Robinson takes on mentorship role for blossoming Livers

Monday, March 19, 2018 - 5:06pm

Fifth-year senior forward Duncan Robinson and freshman forward Isaiah Livers have developed a close relationship despite competing for the same position.

Fifth-year senior forward Duncan Robinson and freshman forward Isaiah Livers have developed a close relationship despite competing for the same position. Buy this photo
Amelia Cacchione/Daily

Duncan Robinson heard the whistle and knew just what that meant.

He walked off the court with 2:07 left and the score tied against Houston on Saturday night — fouling out for just the fourth time in his career — knowing it could be his last time doing so in his Michigan career. But Robinson didn’t sulk or let the moment get to him.

He had one specific message for one specfic person: Isaiah Livers.

“Duncan told me when he fouled out, ‘Isaiah, there’s a reason why we’re both out here, why we both play the game,’” Livers recalled in the aftermath of Michigan’s second-round win over the Cougars. “‘You have talent, so believe in yourself. Have all confidence.’”

This has become a theme between the fifth-year senior on his way out the door and the freshman just scraping the surface of what he can become. It’s hardly an uncommon phenomenon for a veteran to take a younger player under his wing, to share words of wisdom and help guide what’s to come.

But even for two mild-mannered players, this close-knit relationship is one bred of unusual circumstances. 

Robinson started the season the clearcut starter at the ‘4’ far more out of necessity than fit. He’s vascillated between a starter and an offensive bench threat his entire Michigan career. Never known for his defensive prowess against quicker and more athletic opponents, the ‘4’ was a peculiar fit borne out of positional scarcity after D.J. Wilson left unexpectedly for the NBA Draft.

“We all know Duncan Robinson is a mismatch ‘4,’ that we don’t have another answer right now, right?” said Michigan coach John Beilein after an early January game in Iowa. “D.J. Wilson was the answer this year, and he’s not here.”

So why not Livers?

“I mean, if you saw some of our practices (early in the season), you would question why we gave him a scholarship,” Beilein said.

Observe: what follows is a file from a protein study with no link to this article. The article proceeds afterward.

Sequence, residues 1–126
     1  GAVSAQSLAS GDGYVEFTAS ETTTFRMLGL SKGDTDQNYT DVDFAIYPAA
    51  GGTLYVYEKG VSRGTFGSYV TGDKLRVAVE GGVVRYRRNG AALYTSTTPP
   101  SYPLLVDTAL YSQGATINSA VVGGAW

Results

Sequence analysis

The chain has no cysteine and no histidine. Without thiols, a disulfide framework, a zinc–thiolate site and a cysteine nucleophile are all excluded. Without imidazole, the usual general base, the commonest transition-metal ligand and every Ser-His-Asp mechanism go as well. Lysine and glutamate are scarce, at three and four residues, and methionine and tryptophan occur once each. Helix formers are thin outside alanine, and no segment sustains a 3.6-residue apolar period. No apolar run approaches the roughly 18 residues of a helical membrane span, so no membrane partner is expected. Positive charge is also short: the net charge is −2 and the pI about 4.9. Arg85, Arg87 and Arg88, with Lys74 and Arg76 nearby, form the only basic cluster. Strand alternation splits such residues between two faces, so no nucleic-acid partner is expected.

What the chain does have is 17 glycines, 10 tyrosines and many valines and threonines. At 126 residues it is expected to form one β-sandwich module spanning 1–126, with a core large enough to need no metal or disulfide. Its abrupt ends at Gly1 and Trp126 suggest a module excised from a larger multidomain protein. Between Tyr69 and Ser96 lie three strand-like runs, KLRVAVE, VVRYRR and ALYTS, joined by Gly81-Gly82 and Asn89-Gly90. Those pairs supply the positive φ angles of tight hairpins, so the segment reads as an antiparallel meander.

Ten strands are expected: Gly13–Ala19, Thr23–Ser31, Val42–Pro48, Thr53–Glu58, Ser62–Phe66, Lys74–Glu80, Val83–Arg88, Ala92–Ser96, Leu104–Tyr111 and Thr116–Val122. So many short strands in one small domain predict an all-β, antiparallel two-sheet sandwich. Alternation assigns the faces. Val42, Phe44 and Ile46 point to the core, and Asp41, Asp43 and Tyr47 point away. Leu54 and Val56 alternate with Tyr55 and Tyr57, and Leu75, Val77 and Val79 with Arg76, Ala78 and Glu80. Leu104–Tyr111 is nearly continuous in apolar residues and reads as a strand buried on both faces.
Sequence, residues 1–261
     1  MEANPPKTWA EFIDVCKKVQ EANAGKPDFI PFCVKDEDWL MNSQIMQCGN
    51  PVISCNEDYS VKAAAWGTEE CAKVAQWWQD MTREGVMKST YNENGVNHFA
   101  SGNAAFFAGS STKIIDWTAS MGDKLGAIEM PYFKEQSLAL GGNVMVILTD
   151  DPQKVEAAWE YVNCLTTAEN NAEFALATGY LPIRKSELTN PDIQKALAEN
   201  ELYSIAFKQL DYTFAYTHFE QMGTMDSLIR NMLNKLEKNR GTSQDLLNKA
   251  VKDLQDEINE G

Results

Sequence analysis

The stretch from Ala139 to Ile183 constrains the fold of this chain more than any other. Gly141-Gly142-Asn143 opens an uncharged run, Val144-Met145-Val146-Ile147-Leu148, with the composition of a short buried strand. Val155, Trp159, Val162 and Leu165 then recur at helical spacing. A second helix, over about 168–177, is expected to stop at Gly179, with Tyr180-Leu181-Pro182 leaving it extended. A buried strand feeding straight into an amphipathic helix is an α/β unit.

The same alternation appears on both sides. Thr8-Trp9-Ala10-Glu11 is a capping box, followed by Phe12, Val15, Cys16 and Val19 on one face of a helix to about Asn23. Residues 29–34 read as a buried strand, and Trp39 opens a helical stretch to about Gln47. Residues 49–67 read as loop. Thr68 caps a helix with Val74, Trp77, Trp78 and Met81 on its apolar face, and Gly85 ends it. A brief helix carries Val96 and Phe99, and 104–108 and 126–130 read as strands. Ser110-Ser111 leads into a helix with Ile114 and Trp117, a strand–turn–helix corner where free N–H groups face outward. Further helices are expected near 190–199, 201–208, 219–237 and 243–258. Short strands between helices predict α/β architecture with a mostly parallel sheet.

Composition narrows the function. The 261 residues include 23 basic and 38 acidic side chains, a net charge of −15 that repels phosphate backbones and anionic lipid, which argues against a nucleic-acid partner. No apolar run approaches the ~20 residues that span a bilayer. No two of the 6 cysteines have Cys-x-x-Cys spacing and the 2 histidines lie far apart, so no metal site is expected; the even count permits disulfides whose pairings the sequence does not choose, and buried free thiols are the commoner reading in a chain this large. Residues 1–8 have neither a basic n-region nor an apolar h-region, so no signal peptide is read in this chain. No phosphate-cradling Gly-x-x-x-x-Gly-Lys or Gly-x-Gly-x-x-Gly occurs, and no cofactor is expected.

But Livers was on scholarship, and the only scholarship player with a natural fit at the ‘4’ at that. If circumstances had been different, the freshman likely would have seen limited minutes, if any at all. Instead, his opportunity blossomed into real growth quicker than Beilein could have imagined. Real growth led to real minutes. Real minutes led to real production.

In a six-game stretch in January, Livers shot 10-of-16 from 3-point range, averaging 9.3 points per game in that span while providing a physical upgrade defensively.

This, coupled with prolonged shooting struggles from Robinson, soon sparked a competition for the starting role. It was a team captain fighting the demons of a disappointing senior season up against a freshman starting to figure out how he could help right away.

Livers was the “stretch-four” of the future and the stopgap of the present.

On Jan. 13 against Michigan State, Livers offically won out. Beilein inserted him in the starting lineup at Breslin Center in an 83-73 upset win over Michigan State. And he hasn’t left the starting lineup since, aside from a minor ankle injury that kept him out of a January win at Wisconsin. 

For Robinson, the benching was rock-bottom, further sending his senior season spiraling out of control. Until it wasn’t.

Since that Wisconsin game, Robinson has re-discovered his shot, shooting 49 percent from 3-point range and scoring in double-figures in seven of 11 games. Despite Livers’ regular role in the starting lineup, Robinson has regained the bulk of the minutes, earning more playing time than Livers in 14 consecutive games.

But through it all, the relationship between sage veteran and eager youngster has only strengthened.

“I always try to be in his ear,” Robinson, increasingly introspective by the week, said early Sunday morning. “His biggest thing is, he doesn’t realize how good he is, how talented he is. Once he can tap into that, his whole career will take off. He’s been so good for us already, but he’s just getting going. He’s got to continue to chase it, chase it, like he was when he was coming for the starting spot that he ultimately ended up winning. I’m happy that I’ve got a guy, when I foul out, that can go in there and battle the way he can.”

Added Livers after the first round of the Big Ten Tournament: “I don’t know why, I don’t know what it is, but people were just saying, ‘Maybe they don’t get along. Maybe they do.’ No way. We get along. It’s his senior year. I wanna do it big for him. … All love. We talk all the time, he helps me all the time. Just a great leader and a great veteran.”

Either could have let the competition breed resentment. Robinson could have sulked after being benched for a freshman, just as Livers could have questioned his decreasing role as the season winds to a close.

Neither happened, and now both are better off for it. 

Which brings us back to Saturday night and the moment the mentor needed the mentee to help prolong his career. Livers, throwing the inbound dart right on the money to senior guard Muhammad-Ali Abdur-Rahkman, certainly did his part in the miraculous win.

I didn’t want Duncan to go out that way,” Livers said after the game. “That’s my guy. Senior fouling out like that, I couldn’t (let it) go.”

That wasn’t Isaiah Livers’ response to helping save Robinson’s career or how he felt coming into a tight game with the season on the line. That was Livers’ answer, unprompted, on how it felt to be going to Los Angeles.